Multiple Personalities

Communication through bulletin boards, netmeetings, email and other internet mediums is becoming the norm. how often do you send a quick email rather than call a friend to see what the plans are for the weekend? or have a net meeting rather than an in-person meeting. Putting aside the significant cost advantages as well as distance and schedually bridges that internet communication provides, there are some interesting ideas on why people sometimes prefer communicating via the net rather than person to person.

There was a study done at the University of Alberta in 2000 titled: Exploring Social Communication in Computer Conferencing. In the study, there is discussion on the idea that some people, namely students, who feel uncomfortable participating in traditional classroom social interaction activities will show a completely different personality during internet communication. I have experienced it myself during various netmeetings, people who are normally shy and passive sometimes lead the online discussion, offer numerous opinions and question the remarks of other discussants.

What is it that causes this shift in personality? Is the computer screen less intimidating than human faces? or is it the forums themselves, which can be “manipulated to create open, supportive and cooperative environment[s]”, as the U of A study suggests? And why have classrooms gone from being open, supportive and cooperative environments to areas of intimidation, peer pressure and passive behaviour? are computers and the internet taking us away from the need to interact socially in person, or is the degradation of human behaviour (intimidation, peer pressure, impatience, power trips, etc) driving us to seek new mediums for communication?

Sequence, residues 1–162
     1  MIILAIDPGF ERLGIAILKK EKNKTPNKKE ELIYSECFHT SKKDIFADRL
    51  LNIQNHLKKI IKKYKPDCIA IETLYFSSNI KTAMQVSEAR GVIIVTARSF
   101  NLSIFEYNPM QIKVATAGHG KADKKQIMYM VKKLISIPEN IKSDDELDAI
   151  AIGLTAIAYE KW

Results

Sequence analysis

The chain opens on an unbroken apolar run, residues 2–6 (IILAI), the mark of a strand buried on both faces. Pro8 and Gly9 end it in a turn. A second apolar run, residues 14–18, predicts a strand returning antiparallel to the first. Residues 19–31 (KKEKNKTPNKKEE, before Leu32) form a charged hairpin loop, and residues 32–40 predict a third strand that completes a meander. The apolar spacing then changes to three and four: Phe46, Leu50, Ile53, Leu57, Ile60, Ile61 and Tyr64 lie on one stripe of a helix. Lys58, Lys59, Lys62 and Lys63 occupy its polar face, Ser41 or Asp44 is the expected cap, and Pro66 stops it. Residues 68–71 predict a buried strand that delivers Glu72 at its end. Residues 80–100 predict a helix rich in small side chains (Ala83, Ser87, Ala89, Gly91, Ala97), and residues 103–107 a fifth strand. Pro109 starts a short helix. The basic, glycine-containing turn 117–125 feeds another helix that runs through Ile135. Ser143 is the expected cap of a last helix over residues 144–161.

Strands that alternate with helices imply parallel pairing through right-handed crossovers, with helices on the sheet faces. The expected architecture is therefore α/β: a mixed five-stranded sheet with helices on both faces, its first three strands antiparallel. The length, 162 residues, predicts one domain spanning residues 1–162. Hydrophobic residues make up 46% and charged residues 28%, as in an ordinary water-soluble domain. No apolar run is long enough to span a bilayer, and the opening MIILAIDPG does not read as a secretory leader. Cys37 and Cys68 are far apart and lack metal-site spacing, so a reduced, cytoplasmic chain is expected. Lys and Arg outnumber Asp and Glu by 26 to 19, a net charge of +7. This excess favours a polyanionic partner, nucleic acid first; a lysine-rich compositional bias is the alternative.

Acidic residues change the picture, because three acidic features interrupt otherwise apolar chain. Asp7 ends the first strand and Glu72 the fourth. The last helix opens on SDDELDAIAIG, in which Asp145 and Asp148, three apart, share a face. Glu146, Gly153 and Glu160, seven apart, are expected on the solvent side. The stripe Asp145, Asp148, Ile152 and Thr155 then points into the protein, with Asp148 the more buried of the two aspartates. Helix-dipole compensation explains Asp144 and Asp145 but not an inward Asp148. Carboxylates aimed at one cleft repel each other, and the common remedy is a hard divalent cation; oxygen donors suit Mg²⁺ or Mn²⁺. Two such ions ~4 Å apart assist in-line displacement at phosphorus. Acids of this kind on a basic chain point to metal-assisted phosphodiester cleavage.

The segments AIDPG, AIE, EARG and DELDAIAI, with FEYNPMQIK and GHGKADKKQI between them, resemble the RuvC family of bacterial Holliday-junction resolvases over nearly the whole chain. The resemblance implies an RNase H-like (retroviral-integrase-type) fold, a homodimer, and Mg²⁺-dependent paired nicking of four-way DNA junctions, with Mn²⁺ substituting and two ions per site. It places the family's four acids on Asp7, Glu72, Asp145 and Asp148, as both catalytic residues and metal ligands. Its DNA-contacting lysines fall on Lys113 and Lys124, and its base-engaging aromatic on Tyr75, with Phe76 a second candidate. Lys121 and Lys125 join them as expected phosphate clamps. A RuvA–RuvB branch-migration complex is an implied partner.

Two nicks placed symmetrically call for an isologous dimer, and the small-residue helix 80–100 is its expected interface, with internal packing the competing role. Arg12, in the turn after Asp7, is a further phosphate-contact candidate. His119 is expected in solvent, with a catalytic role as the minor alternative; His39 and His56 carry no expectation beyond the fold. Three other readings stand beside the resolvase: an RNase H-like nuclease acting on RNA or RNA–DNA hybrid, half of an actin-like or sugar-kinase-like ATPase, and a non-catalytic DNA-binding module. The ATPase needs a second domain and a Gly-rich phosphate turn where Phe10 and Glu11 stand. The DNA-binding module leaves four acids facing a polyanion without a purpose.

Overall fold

There question that baffles me the most is: which personality is real? The personality that is shown when a person is in physical presence of other humans or the person’s online personality? It appalls me to think that there may come a day where our lives are so dependent on the internet that our personalties are defined completely by our online behaviour.

Does anyone have any thoughts? just think about it, I can already see personality differences, online and in the classroom, amongst our classmates.

2 Responses to “Multiple Personalities”

  1. Liam says:

    I’ve always found this to be interesting as well. The way people can and do present themselves online often contrasts with how they present themselves in real life.

    There are really a lot of differences with how well we can perceive people from postings and e-mail compared to the real world. I think one of the major differences is that it’s possible online to not only go over what you’ve said, but to control more finely what is presented to the world. It’s reminiscent of the article about losing the smell of vinegar, you can get some clues about the person from what they’ve written, but it’s not necessarily as informative as seeing and talking to the person in real life.